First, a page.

4. No co-pays or deductibles were collected from the “patients,” and this fact was not disclosed to the insurance companies.
  5. The money received from this scheme was then used to pay recruiters and participants and to enrich members of the conspiracy.

The prosecution is the latest in a series of charges that have been part of a four year investigation into the massive conspiracy. The joint federal and state investigation, known as Operation Sledgehammer, has resulted in charges against 93 defendants for their roles in the organization. Of these 93 defendants, 57 have been charged by the U.S. Attorney’s Office, resulting in court-ordered restitution of more than $11 million to defrauded insurance companies.

Click on the link to read the full release.

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Filed under Fla. Stat. 627.736 (2012), Insurance Fraud

Defendant’s Motion to Dismiss Granted with Prejudice in PIP Benefits Case Involving Challenge to “Emergency Medical Condition” (EMC) Provision

In a second ruling within one week involving Florida’s amended PIP law, the U.S. District Court for the Southern District of Florida dismissed a case challenging reimbursement under the amended statute’s “emergency medical condition” or “EMC” provision. See our earlier post titled Court Grants Defendant’s Motion to Dismiss in Robbins v. Garrison P & C.

Sendy Enivert sued her auto insurance company, Progressive Select, alleging breach of contract for failing to pay her PIP benefits to a limit of $10,000. Enivert’s claim involved the newly added provision to Florida’s PIP law which limits PIP benefits depending on whether a claimant has suffered an emergency medical condition.

Plaintiff Enivert interpreted this language to mean that an insured is limited to $2,500 only if a medical provider determines that there is no emergency medical condition. She argued that because, in her case, no medical provider ever made such a determination, she was entitled to the full $10,000. In other words, because no medical provider determined that she did not have an emergency medical condition, she was entitled to full benefits.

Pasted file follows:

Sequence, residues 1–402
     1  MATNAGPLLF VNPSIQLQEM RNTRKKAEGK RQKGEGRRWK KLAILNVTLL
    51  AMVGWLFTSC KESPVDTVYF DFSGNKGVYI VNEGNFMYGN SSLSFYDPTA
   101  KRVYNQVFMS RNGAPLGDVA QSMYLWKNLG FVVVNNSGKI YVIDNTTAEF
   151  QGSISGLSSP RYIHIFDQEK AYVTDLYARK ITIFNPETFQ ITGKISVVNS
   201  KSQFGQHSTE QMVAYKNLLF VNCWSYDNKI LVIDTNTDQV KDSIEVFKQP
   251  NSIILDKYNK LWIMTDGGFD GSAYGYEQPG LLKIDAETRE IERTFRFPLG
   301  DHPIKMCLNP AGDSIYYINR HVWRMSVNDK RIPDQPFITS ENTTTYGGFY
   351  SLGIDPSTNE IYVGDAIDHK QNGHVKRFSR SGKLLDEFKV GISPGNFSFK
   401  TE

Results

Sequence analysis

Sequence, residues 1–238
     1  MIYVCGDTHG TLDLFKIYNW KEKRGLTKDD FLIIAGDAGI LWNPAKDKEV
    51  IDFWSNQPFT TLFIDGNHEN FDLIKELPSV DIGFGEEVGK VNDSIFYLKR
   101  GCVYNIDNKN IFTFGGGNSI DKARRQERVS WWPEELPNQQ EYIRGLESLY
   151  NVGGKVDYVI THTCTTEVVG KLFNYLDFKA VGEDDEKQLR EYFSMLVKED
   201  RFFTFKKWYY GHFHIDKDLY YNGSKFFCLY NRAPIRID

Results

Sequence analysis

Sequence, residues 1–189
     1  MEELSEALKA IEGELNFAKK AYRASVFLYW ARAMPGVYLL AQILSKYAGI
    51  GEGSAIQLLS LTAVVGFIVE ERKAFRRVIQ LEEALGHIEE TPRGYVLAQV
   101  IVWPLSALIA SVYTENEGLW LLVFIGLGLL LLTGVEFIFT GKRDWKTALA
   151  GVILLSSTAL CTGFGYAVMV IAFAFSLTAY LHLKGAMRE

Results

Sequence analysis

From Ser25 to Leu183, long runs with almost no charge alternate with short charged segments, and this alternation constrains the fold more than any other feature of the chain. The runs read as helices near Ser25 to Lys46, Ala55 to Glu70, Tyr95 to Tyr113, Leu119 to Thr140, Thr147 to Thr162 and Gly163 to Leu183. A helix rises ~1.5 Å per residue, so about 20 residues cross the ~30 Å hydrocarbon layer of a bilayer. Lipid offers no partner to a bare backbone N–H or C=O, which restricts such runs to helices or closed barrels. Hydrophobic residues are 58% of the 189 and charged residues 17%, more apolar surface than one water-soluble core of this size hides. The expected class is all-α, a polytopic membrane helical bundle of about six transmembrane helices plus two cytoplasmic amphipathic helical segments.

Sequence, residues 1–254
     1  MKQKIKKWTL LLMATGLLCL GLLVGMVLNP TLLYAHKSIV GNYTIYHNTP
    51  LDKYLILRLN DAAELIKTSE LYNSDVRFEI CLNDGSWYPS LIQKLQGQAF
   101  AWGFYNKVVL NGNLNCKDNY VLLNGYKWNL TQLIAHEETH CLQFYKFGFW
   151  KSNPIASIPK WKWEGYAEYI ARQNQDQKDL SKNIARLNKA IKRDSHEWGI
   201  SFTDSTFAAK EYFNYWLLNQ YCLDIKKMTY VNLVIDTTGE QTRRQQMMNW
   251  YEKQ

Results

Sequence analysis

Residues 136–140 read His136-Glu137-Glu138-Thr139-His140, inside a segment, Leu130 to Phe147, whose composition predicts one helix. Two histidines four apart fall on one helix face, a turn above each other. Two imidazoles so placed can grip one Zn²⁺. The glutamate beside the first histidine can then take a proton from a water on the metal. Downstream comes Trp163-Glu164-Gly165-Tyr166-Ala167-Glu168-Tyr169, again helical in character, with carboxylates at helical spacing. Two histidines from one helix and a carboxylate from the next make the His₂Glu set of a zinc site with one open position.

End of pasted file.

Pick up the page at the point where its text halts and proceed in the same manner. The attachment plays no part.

Defendant Progressive read the statute to mean the opposite, i.e., that a medical provider must affirmatively determine that an emergency medical condition does exist in order for the insured to be eligible for reimbursement of the full amount.

The court agreed with Progressive, concluding that the PIP statute clearly indicates that a determination that a claimant has suffered an emergency medical condition is required in order to receive benefits in excess of the $2,500 limit. Since a medical provider did not determine that Enivert had an emergency medical condition, she was not entitled to the full $10,000 in benefits.

The court also looked to the legislative intent behind the PIP statute. It concluded that the clear legislative intent was to decrease PIP fraud by placing more stringent requirements in order to receive the maximum amount of benefits.

Based on the above, the court granted Progressive’s motion to dismiss Enivert’s case.

The case is Sendy Enivert v. Progressive Select Insurance Co., Civil Action No. 14-CV-80279-Ryskamp/Hopkins (S.D. Fla. July 23, 2014). Click on the link to read the court ruling.

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Filed under Case Law, Fla. Stat. 627.736 (2012)

Court Grants Defendant’s Motion to Dismiss in Robbins v. Garrison P & C

On July 18, the U.S. District Court for the Southern District of Florida dismissed a case in which the plaintiff challenged reimbursement under the amended statute’s “emergency medical condition” (“EMC”) provision.